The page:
You called me brave
and I smiled to myself, thrilled
at the thought of some self
of mine as a protector
wielding a bow, all grace.
I stood with my feet apart
clawed my way up
out of myself
chills spread like flames over my shoulders
and faced this straight on.
I felt this infinite feeling
in the last second, elated
held tight to the fear in my heart.
I traded every weapon for a shield
and started down the mountainside
when the clouds give way to sky
and stars shake off their bright disguises
I hope you can see them.
Loretta knew mountains would clash tonight. She stepped into her living room, startled to see her
guardian, Kenneth, leaning on her two-seater couch, his fingers drumming on his lap. He stood
up the moment he sniffed her presence.
“Loretta, I hope you know it's tonight?” he said, bowing as though she were some kind of
royalty. Although she was. But she loathed it when it was shoved in her face.
“I know. I wish I could avoid it or simply prevent it from happening.” her voice lacked the
fervency she'd rather it held.
Kenneth's regard conformed. “I know you wish that, but if you'd obeyed your parents, everything
shouldn't have been the way it is right now.”
She shrugged, knew he meant well, but still disregarded him. What was the need to have a third
party constantly poking their nose in her business in the name of checking up? She seethed as
she walked, languid, to the nearest couch on which she slumped.
The past haunted her, why the need to return to it to rewrite it came up. The need to amend the
mistake she made. She just couldn't wrap her head around why her parents had assigned Kenneth
to her when she could take care of herself. Not exactly power-wise, she knew, as she had no
power, the topmost chance to leave her vulnerable to the force searching for her. Her refusal to
complete the ritual into womanhood and fully activate her power had landed her in this pitiable
situation and she had to change it.
Content warning: allusions to domestic abuse
The screeches we heard at night were pumas, barn owls, and El Sibador. They came when
the white men came.
My mamá spoke of the Cihuateteo, luring us westward when we did not come home
before the sun set. Yamilex scared me with tales of La Llorona when I would stray too close to
the waters of the river in the basin, but I know she was more concerned with the Sánchez
Navarro men seeing me and becoming too friendly.
I chose to become too friendly with one of them before she could catch me, and we were
married in the summer of 1935, when I was seventeen years old. He was twenty-four, and a
On the night before my wedding, a white man's wedding, my cousin Citlali told me I
shouldn't have done it. Yamilex scolded her with her eyes, thinking I wasn't watching, but I
already knew that neither of them wanted me to marry this man. But I loved him, and I still love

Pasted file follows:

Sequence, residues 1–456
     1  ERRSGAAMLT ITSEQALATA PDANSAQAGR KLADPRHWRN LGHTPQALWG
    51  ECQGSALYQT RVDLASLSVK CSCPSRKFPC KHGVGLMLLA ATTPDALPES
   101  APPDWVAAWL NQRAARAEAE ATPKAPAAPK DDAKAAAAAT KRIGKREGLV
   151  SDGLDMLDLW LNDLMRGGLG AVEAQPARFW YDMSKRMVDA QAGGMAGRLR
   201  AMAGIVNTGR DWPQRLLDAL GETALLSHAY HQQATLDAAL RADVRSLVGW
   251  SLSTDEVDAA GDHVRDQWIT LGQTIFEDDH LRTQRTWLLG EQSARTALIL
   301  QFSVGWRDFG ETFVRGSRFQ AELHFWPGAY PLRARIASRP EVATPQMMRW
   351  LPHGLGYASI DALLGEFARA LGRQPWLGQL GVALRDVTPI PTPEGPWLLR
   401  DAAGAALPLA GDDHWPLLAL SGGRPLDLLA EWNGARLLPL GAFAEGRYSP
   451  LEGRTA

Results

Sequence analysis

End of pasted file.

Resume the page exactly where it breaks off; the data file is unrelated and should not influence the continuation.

him, in a way. They were older and thought they knew better. It wasn't until I had my own
daughters that I understood how they felt.
Weeks before the wedding day, my mamá spoke in the old language about something I
could only understand as sadness and disappointment. Then she told me she was happy, and that
my papá would have been happy and given my husband great bride gifts. We had nothing to give
now, the four of us women, but he wanted me anyway, and I moved with him across the basin to
a real house. He built it himself after we met, with the Sánchez Navarro money, and it had four
bedrooms. For us and our three sons, he told me, and I beamed back at him as he carried me to
the wedding bed.
Four-thousand-and-fifty days, five-thousand nights,
A grey-haired woman peers through her telescope,
Searching for the moon that wanders alone,
Yearning for the shadow that once embraced it.
The pitch-black umbra surrounds the moon,
A throwback to that starry night of old,
When Luftwaffe's flames kindled the flicker,
And the face of death shimmered in her world.
Two barrage balloons fell from the sky,
As thunder roared through angry, black clouds,
She glimpsed fragments of a dive bomber's skin,
Painting the heavens amidst her bird's feathers.
With avocado toast and Americano dark roast
Hot chicken mushroom soup with a cottage tulip vase
Made by your mother
who now has the vote
Soft background music and art therapy
All done by your sisters
who now have the vote
Dime-store perfume and a fat cat
All in your granny’s house
who now have the vote
A few hundred years that Adam was in charge
But now it’s Eve too,
she has the vote.
Real Witches dress in ordinary clothes and look very much like ordinary women. They live in
ordinary houses and work in ordinary jobs. That is why they are so hard to catch. – Roald
Dahl, The Witches.
A throwaway remark,
wicked whispers in the dark
A tumour turned cancerous
Whispers became deafening
Dr. Blasey Ford Explained,
“Indelible in the Hippocampus is the Laughter,” and I Still Can’t Forget It
was cast out
in a wood, beyond
of God’s voice,
A fierce black cat,
Outside your house
invoking a doomy omen.
I stop at the intersection of
Heart/Mind/Soul & the body
Each standing at the crossroads,
Leading nobody to nowhere.
Where am I?
Perhaps there, where-
Love slips from one wall to another
Falling onto her shoulders, sugar by sugar
Salt by salt…sprinkling death
I miss your Mother.
My grandfather never wore yellow
It reminded him of his hair
and being his father’s heir
Before they turned grey
and fell out like a
snake shedding skin
He hoped he wouldn’t
bequeath it to his kin
Sticking up from behind his ears
in every photograph
Hay-coloured giving fever
to those who recognized
The lack of slick
The lack of father
Like the stone of a plum
Ripped from its core
And caught between your teeth
Is that how it felt to suck on me?
Twiddle my heart between index and thumb
Taste the sweetness of my love
And spit me back out when I’m bone dry.